The MacMaster House B&B (1041 SW Vista Ave., 503/223-7362 or 800/774-9523, www.macmaster.com, from $100 d shared bath, from $140 d with bath) is behind downtown in the West Hills, close to Washington Park, in one of the city’s ritziest neighborhoods. The eight guest rooms in this mansion include two units with private bathrooms. Parking is free.
Thank goodness not every vintage downtown hotel has been turned into a modern luxury Xanadu. Travelers looking for a great value will like the Mark Spencer Hotel (409 SW 11th Ave., 503/224-3293 or 800/548-3934, $100 and up, parking $21), a former residential hotel that’s now a comfortable lodging just a few blocks from shopping and dining in the Pearl District. The rooms once rented as apartments, so even the standard guest rooms are spacious and have complete kitchens. The suites are truly large and apartment-like, with a separate bedroom, living room, and kitchen. Rates include continental breakfast.
The recent renovation of the 1912 Ace Hotel Portland (1022 SW Stark St., 503/228-2277, www.acehotel.com/portland, $125 and up, parking $20) has turned a historic but down-at-heel property into a distinctive, quintessentially Portland hotel. Spare but stylish guest rooms reflect the city’s recycling ethic with a mix of salvaged fir, vintage fixtures, and army surplus, while custom-made Pendleton blankets and eclectic murals by local artists enhance the unique sense of place. There’s a youth hostel vibe in the budget guest rooms with shared baths (including $95-per-night “band rooms” that comfortably sleep three and share a bathroom). But the Ace also offers understated luxury in top-floor suites ($250) as well as an unbeatable location a stone’s throw from both the Pearl District and the center of downtown.
With nearly 800 rooms, the Portland Hilton (921 SW 6th Ave., 503/226-1611, www.portland.hilton.com, $129 and up, parking $27) is Oregon’s largest hotel. And while there’s no denying that the Hilton is largely a business and convention hotel, there are good reasons for leisure travelers to spend the night. First, the hotel is absolutely in the center of the city, close to shopping, the arts, and public transport. Second, the hotel has just undergone a $27 million renovation, and everything is absolutely shipshape. Standard guest rooms frequently represent the best value in the city center. Rooms are in two adjacent buildings: the original hotel, with a 12,000-square-foot athletic club and indoor pool, a restaurant, and a bar, and the newer Executive Tower, with larger guest rooms (an additional $20), a fitness center, a bar, and a restaurant. The Hilton takes its environmental duties seriously: This is the largest Green Seal–certified hotel on the West Coast.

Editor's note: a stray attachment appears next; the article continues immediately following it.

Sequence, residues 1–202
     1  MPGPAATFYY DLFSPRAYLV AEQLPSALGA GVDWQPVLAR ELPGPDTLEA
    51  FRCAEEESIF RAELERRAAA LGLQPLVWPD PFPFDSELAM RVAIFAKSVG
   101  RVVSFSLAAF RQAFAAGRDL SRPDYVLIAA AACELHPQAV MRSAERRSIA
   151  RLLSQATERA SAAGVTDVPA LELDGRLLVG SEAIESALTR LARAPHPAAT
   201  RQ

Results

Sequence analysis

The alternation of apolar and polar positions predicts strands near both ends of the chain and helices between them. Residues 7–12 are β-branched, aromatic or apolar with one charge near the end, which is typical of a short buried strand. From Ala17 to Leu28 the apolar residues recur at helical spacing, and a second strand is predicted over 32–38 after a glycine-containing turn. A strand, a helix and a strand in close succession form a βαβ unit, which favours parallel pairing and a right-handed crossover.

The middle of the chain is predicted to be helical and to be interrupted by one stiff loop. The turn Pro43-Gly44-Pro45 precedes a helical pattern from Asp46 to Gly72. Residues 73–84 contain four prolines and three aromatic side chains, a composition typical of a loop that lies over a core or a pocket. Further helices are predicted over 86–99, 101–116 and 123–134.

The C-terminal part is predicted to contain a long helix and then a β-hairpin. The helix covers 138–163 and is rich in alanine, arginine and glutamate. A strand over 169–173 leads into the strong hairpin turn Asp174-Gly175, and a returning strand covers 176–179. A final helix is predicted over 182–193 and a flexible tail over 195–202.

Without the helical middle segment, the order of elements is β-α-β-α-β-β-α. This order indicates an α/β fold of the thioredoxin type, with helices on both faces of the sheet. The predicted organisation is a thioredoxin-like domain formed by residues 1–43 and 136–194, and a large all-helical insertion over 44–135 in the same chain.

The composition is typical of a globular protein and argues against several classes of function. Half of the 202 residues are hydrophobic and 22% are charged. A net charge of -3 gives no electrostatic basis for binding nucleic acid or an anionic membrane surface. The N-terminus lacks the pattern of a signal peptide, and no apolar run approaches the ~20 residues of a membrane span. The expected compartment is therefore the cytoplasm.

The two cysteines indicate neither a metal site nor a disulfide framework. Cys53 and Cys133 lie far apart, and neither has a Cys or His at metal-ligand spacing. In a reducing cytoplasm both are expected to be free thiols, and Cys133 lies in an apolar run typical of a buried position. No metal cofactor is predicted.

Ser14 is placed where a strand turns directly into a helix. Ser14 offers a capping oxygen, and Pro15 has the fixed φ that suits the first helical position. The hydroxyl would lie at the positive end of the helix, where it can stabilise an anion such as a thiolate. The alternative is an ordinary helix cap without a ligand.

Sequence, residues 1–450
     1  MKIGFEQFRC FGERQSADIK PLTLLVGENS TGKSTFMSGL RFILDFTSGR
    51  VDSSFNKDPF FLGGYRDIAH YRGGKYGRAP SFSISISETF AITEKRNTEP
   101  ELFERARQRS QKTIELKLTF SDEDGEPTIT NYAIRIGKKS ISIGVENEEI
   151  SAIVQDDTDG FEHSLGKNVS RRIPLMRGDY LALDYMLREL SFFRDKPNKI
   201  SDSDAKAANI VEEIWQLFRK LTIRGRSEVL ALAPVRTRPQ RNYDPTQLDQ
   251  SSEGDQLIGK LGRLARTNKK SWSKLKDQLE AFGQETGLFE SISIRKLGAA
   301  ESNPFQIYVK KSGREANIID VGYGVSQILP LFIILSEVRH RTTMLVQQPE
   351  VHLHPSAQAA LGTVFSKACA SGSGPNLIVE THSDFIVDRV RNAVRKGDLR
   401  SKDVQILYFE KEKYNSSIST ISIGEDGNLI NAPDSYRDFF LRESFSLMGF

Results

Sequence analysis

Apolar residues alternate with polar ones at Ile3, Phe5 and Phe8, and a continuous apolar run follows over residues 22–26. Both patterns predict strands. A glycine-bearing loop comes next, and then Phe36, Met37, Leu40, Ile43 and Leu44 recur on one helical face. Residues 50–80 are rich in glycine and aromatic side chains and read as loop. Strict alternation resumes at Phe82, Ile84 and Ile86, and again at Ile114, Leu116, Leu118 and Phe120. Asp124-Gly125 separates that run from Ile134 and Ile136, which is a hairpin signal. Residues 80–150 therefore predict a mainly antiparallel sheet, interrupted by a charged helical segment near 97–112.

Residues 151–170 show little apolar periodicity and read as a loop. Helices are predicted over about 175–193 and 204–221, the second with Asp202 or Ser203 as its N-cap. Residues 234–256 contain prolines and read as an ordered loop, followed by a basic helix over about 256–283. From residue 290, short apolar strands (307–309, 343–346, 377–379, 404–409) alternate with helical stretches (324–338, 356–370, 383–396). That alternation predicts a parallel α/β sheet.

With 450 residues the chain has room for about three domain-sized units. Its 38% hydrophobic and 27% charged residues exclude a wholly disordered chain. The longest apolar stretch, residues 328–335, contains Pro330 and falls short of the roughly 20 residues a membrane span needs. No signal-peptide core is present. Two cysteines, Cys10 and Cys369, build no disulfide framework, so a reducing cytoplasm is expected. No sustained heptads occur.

The large Marriott Downtown Portland Waterfront (1401 SW Naito Parkway, 503/226-7600, www.portlandmarriott.com, $129 and up) is a convention hotel that faces Waterfront Park, with half the views over the Willamette River toward Mount Hood. It’s an excellent location if you’re visiting Portland for a waterfront festival; when it’s not booked with conventioneers, it’s also one of the most affordable of the downtown hotels. Standard guest rooms aren’t huge but are nicely furnished; facilities include an indoor saline pool, a large fitness area, a regional fine-dining restaurant, a large sports bar, a coffee shop, and free wireless Internet. The hotel underwent a $7 million upgrade in 2008 and has earned Green Seal certification for its environmentally conscious hospitality operations.
by Judy Jewell and W. C. McRae from Moon Oregon, 8th Edition, © Elizabeth & Mark Morris and Avalon Travel